Images by Phil... and June
Visit To Mongolia
by June's Views on July 19th, 2013

When I think of Mongolia, images of Genghis Khan, the Gobi desert, and nomadic herdsmen pop into my head.  We landed in the capitol city of Ulaanbaatar, where about half of the country’s three million people live.  For a couple of days we enjoyed getting to know the city culture:  a blend of the old Mongolia and the new.  We attended a cultural show that should not be missed.  The theater, performers, costumes, music, were all fantastic.  I especially enjoyed the music from the horse-head violins and the lung and throat singing.  The only performances I didn’t enjoy were what they call “long songs” and “short songs” – which only sounded like high pitched screeching to my untrained ears.  We visited a couple of interesting museums, and saw petrified dinosaur eggs and a nearly perfect dinosaur skeleton.
While we were taking in the sights on the city square a local TV reporter approached our guide, Mala, and asked her if they could interview Carolyn and me.  We gladly consented and had fun answering their questions while Mala translated for us, such as why we choose to spend time in Mongolia, where were we going outside the city, and what was our impression so far.  We didn’t think much more of it, but that night at dinner Mala asked the manager of our restaurant if she could turn the TV to the channel the interview was to be shown.  At 7:00 PM the local news came on and later in the program there we were!  It was fun to see myself on Mongolia TV, with subtitles, no less! Ulaanbaatar has some really great restaurants and hotels.  We enjoyed the food all over the country.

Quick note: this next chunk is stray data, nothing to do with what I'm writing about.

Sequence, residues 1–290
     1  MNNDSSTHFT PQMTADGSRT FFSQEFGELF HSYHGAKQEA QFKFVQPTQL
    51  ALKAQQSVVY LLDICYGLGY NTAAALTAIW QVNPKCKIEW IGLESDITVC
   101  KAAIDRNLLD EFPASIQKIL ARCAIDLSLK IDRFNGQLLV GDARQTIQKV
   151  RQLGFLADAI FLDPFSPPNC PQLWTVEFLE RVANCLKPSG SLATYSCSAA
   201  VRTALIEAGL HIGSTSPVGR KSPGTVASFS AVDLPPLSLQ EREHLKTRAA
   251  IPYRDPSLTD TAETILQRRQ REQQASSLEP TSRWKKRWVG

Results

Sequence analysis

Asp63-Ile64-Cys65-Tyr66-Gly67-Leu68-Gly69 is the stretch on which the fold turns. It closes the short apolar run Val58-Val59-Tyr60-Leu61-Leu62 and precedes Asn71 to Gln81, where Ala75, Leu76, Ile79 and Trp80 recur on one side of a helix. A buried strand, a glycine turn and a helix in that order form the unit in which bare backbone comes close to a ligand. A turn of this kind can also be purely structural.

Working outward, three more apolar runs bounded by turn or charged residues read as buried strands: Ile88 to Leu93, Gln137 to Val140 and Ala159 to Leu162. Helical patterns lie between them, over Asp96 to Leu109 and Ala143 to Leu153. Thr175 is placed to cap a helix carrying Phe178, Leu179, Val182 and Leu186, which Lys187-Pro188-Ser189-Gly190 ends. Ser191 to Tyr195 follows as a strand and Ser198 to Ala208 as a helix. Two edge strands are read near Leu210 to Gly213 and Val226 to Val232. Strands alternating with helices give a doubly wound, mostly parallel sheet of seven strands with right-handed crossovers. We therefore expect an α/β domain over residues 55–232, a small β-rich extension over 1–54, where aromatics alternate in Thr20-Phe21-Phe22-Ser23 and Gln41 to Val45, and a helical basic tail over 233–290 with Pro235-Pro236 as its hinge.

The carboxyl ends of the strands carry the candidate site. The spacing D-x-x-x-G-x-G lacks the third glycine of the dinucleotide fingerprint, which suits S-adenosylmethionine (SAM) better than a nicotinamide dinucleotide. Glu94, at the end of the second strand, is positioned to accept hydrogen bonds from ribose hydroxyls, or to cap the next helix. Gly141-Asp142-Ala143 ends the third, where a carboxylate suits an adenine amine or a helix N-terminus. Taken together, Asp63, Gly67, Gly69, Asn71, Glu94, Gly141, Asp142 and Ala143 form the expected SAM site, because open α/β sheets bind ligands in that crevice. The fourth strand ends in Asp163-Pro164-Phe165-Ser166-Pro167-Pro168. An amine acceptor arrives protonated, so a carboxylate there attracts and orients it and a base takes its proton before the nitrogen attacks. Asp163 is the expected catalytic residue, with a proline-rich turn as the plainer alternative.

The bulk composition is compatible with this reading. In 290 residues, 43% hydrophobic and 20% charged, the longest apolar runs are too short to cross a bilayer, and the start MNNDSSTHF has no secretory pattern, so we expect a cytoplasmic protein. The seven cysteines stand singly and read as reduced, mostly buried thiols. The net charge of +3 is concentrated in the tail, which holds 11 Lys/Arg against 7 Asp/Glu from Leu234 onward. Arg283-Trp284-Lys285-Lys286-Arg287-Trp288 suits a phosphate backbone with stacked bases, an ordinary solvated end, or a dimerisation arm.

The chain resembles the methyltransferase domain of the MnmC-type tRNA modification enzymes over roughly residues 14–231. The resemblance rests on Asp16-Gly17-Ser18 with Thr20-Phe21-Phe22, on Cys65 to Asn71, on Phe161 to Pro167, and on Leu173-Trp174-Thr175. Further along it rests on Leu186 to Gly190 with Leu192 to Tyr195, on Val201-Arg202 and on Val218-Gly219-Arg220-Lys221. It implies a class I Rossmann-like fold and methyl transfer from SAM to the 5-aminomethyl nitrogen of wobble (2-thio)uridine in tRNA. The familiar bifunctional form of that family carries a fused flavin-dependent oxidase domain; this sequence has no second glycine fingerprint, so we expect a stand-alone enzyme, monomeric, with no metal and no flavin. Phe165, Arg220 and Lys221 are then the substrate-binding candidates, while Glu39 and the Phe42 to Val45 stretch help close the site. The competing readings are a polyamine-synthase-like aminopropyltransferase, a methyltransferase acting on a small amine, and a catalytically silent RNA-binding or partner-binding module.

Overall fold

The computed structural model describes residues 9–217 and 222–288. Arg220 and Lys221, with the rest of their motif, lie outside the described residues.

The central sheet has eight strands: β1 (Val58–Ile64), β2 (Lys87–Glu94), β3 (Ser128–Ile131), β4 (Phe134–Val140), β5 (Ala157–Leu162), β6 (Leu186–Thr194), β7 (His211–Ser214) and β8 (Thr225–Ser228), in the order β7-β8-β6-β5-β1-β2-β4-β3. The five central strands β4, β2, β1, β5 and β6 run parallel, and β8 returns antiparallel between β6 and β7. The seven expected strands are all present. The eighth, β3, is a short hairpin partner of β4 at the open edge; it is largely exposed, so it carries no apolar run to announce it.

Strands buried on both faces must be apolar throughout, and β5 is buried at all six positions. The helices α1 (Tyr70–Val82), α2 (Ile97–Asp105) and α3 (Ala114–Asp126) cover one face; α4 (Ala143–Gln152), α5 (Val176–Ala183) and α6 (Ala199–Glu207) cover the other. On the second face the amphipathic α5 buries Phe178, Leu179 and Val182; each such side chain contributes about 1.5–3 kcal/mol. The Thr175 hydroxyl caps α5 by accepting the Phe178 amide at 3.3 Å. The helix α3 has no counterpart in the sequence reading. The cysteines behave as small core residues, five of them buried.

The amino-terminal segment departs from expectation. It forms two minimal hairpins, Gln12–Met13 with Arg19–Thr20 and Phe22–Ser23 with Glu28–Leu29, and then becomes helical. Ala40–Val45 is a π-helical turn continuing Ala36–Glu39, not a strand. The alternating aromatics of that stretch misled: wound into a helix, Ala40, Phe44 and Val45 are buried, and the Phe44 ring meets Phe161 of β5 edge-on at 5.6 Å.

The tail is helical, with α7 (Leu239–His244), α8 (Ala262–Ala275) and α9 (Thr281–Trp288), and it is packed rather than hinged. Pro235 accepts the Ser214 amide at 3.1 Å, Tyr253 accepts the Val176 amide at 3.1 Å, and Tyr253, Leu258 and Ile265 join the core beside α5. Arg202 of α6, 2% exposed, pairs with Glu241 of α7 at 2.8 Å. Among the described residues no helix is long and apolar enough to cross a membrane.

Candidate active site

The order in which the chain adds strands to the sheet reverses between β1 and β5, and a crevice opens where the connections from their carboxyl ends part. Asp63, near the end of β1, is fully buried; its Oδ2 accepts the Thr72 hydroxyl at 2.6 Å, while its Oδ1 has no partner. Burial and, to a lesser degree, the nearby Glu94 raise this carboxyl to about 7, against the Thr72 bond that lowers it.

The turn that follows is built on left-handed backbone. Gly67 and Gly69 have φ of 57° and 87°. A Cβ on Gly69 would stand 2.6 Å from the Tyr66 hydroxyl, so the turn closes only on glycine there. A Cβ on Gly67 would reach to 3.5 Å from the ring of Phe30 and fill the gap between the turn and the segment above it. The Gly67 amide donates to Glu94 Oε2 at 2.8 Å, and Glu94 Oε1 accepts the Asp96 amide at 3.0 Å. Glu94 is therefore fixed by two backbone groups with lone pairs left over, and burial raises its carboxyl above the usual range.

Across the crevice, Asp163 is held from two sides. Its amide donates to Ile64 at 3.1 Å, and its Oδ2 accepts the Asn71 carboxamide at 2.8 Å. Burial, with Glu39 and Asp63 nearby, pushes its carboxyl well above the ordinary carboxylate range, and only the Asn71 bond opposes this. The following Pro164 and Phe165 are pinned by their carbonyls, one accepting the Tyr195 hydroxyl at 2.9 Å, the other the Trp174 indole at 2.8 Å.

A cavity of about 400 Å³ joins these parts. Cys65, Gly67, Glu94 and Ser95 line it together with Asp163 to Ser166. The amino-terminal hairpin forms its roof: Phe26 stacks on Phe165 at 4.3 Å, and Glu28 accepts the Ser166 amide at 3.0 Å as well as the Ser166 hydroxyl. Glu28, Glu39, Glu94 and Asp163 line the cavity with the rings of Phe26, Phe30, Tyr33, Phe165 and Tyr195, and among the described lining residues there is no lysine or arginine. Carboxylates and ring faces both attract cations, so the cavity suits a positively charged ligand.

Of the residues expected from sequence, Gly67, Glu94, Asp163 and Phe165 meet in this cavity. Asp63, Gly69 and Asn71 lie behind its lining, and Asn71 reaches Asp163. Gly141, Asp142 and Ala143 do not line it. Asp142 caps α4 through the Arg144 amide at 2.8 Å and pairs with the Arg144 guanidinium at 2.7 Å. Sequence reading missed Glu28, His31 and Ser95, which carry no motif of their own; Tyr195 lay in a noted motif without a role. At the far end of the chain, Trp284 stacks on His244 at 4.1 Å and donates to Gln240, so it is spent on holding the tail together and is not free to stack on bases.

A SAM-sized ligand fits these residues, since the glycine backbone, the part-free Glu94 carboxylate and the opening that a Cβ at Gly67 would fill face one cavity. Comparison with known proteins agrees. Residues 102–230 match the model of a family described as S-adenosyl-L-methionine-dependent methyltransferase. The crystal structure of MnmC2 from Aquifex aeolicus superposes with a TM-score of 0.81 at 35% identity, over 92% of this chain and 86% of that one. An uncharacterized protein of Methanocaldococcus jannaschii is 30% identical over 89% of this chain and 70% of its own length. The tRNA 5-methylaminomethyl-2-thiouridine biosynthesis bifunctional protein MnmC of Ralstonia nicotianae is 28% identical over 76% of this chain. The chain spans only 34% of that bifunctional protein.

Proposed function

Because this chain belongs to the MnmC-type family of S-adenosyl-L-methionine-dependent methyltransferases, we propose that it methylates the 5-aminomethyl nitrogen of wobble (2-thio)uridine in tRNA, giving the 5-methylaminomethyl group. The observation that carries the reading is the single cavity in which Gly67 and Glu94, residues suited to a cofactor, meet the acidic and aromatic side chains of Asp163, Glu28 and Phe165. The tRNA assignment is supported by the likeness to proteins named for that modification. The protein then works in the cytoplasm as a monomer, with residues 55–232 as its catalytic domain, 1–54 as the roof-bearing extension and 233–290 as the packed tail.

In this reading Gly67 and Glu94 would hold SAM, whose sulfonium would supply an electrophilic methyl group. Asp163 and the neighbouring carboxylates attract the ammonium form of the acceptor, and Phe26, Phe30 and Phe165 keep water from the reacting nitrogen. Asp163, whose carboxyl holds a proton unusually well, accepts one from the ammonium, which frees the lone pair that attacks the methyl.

We drove an hour or so into the countryside and stopped to take pictures of some yaks.  Our guide knocked on the door of the nearby ger (the traditional nomadic round mobile home) and asked if the lady of the house would talk to us.  She agreed and invited us into her tent home, and proceeded to serve us a milk and salt and tea hot drink that was really good!  Along with the tea she offered other solid milk products – a kind of yogurt cake, along with wheat rolls and butter.

 We asked her questions about her life and played a bit with her two sons: four and six years old.  Her husband and some other relatives had taken their herd of goats to higher ground for grazing, and they’d be gone for several weeks.  She leads a very solitary life.  We appreciated her hospitality very much. 
We left the city and flew to the central part of the southern Gobi Desert.  Our driver picked us up in his Lexus and drove us to our lodging at the Three Camel Lodge.  We slept in a ger with a luxury no nomad has:  an attached bathroom.  Our heat for the night was provided by a wood burning stove in the middle of the room.  

This night our guide Mala taught me to play a traditional Mongolian game with the ankle bones of sheep or goats.  The next day I had time on my hands and engaged the 8 year old daughter of our cook in the game.  We couldn’t speak the same language verbally but we enjoyed each other’s company playing with sheep bones!